Communicating about employee benefits in the midst of the legislative swirl in Washington may have its challenges, but the hype surrounding efforts to repeal or replace the Affordable Care Act also presents an ideal opportunity for your voluntary benefits to gain some real traction.
Your people are worried about possible changes to their medical benefits, and while you may not have substantive information about how decisions from the Capitol might affect them, you can—and should—remind employees that you have their backs. Your core employee benefits are designed to help them remain financially secure while they take care of themselves and their families, and save for their futures. And the additional voluntary benefits employees can choose from—the ones that supplement what you offer and underwrite—can help them build great financial security, even if employees have to cover the cost themselves.
Employers do their best to design core benefits to meet the needs of all employees. But these days—when a workforce can span up to five generations—it’s a pretty good bet your standard benefits package isn’t meeting everyone’s needs. That’s where voluntary benefits come into play. These programs give your employees even more coverage, like money for when they get very sick, homeowners and auto insurance, protection against identity theft—even vet insurance for their furry loved ones. Voluntary benefits provide everyday protection and peace of mind above and beyond what your core benefits offer.
Communicating the value of the voluntary benefits safety net
This isn’t an easy time for your employees. A MetLife study found that 49% of employees are concerned, anxious, or fearful about their current financial well-being, while 63% of full-time employees with employer-provided benefits are worried about covering unexpected out-of-pocket costs.1
With so many struggling financially and looking for ways to relieve the stress, employers have an ideal opportunity to help them realize that voluntary benefits can offer the safety net they need. This is where your communications can have a real impact. Consider this:
- Only 30% of employees are actually aware of their voluntary benefits; and
- Of those who are aware of their voluntary benefits, 79% agree that they sound great but aren’t convinced they should reach for their wallets to pay for them.2
Clearly, it’s important that you reach out to employees who are aware of the voluntary programs available to them and to those who aren’t. To get started, look at your program data. Are there gaps in engagement? Unexpected results? Employees who are missing out on programs you know they could use? For example, if your 401(k) data show a sizable number of employees taking loans or making early withdrawals, follow up with surveys, focus groups, or one-on-one interviews to dig a little deeper. Based on your findings, develop targeted messages for different segments of your workforce, depending on need and utilization rates.
Something else to keep in mind: Results from a recent Bankrate.com survey revealed that almost 6 in 10 Americans don’t have enough savings to cover an unplanned or emergency $500 or $1,000 expense, and 3 out of 5 Americans had an unexpected expense last year. So, it shouldn’t come as any surprise that the two voluntary benefits experiencing recent double-digit growth are critical illness and accident insurance. Both provide employees with coverage beyond what their core medical benefits offer, and counter the need for them to dig into 401(k) and other savings when faced with a big health issue. Next to the penalties they’ll pay for tapping into these accounts—or the out-of-pocket costs they may be facing—the premiums for these policies may feel like a better alternative.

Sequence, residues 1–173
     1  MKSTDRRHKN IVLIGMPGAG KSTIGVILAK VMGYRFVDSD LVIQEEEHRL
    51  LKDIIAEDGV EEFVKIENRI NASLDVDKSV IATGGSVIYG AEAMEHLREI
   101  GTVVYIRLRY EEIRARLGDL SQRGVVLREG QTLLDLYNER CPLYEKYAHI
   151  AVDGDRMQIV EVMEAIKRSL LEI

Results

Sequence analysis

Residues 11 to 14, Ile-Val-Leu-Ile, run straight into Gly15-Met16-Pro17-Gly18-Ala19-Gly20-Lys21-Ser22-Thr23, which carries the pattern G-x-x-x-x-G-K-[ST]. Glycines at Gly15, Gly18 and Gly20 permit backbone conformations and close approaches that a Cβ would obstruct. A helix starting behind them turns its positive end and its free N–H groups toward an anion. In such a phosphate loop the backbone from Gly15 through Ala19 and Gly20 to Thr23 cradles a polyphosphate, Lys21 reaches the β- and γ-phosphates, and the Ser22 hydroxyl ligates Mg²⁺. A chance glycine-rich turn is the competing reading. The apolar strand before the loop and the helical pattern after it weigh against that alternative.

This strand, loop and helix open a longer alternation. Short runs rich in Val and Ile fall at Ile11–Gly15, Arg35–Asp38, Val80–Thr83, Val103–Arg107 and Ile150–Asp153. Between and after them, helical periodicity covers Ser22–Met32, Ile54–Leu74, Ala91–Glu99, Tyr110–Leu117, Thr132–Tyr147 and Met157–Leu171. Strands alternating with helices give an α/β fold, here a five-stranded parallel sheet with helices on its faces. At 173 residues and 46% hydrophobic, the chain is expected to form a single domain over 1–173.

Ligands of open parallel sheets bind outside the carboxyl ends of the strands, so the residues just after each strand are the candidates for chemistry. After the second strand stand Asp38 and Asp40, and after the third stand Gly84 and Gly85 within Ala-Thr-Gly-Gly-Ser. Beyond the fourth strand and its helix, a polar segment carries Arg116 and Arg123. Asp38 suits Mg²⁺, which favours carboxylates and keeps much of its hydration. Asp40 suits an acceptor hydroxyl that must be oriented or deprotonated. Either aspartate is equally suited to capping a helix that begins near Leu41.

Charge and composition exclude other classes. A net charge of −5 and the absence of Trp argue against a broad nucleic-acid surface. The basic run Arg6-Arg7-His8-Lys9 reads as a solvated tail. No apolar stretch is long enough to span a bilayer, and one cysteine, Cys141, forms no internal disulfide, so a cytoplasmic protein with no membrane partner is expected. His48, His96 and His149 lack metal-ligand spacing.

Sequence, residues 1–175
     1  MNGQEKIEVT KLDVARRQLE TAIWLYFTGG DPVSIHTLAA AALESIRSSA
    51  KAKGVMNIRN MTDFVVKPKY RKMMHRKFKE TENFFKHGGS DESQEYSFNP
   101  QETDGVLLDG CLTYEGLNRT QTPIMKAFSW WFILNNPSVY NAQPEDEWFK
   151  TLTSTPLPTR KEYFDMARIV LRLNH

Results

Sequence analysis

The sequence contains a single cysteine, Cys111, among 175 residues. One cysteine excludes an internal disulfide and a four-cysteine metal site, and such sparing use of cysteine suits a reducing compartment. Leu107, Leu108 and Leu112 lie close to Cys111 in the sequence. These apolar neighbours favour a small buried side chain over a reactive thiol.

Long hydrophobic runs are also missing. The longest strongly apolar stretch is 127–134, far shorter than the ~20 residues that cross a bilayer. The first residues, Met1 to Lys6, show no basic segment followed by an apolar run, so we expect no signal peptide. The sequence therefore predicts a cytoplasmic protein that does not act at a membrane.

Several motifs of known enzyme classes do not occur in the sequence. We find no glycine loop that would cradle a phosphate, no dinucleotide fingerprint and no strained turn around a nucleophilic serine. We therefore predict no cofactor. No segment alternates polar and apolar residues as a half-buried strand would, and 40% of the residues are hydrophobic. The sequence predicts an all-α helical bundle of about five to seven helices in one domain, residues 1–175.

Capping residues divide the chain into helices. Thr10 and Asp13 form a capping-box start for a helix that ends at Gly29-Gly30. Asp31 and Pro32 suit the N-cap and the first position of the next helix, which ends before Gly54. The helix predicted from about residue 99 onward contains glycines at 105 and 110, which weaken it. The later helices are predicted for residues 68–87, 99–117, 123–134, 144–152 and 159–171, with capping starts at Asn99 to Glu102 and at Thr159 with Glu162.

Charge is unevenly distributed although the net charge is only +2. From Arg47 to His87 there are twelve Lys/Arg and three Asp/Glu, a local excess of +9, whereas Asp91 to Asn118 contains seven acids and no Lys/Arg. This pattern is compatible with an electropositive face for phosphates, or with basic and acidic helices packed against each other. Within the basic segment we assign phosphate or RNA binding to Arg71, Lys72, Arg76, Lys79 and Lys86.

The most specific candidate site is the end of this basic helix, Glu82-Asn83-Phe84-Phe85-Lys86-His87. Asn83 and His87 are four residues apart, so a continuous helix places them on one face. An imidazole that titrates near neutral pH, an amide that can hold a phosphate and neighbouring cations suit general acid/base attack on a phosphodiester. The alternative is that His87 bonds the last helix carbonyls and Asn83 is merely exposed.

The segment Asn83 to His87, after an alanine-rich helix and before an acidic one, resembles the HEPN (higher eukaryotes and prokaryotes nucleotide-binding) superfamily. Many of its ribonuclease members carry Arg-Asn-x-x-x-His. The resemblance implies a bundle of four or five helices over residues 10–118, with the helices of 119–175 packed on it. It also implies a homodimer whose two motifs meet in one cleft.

And what if employees are out of work for a long time or need extended care? That’s where disability insurance and long-term care coverage can really pay off. These more traditional voluntary benefits—and others like them—are designed to support your employees’ health and financial well-being. After all, how can someone recovering from a serious accident or illness handle the additional stress of discovering they’re also in a boatload of debt?
They can’t. And neither can employees who are just plain financially stressed. More than 3 in 5 survey participants in the DC Investor Survey reported a moderate to high level of financial stress, and as many as 4 out of 10 said financial stress caused their work productivity to suffer. All the more reason to ensure you’re communicating about all the benefits you offer, not just your core programs.
Segmenting and targeting for broader appeal
While more traditional voluntary benefits may have broad appeal across your workforce, other, more non-traditional voluntary benefits, such as child or elder care, legal services, identity theft insurance, pet insurance, and education assistance, are likely to appeal to different segments of your workforce.
A great way to communicate the value of all your programs—core and voluntary—is by showcasing them on your website. If you read our blog regularly, you’re well aware that we advocate for benefits information to live on responsive benefits websites that are built outside firewalls and accessible to employees and their families, wherever they may be. The goal is to drive employees to your site for detailed information when you target messaging to them.
To ensure your voluntary benefits are getting their share of attention, communicate them alongside your core programs so employees understand how they add value. It all comes down to the way you’re communicating about them.
Successful communication is key to driving engagement with benefits—core and voluntary— and a solid communications strategy is the best way to ensure you communicate effectively. Use our strategy guide to create winning communications for all your benefits. Or reach out and let us know how we can help.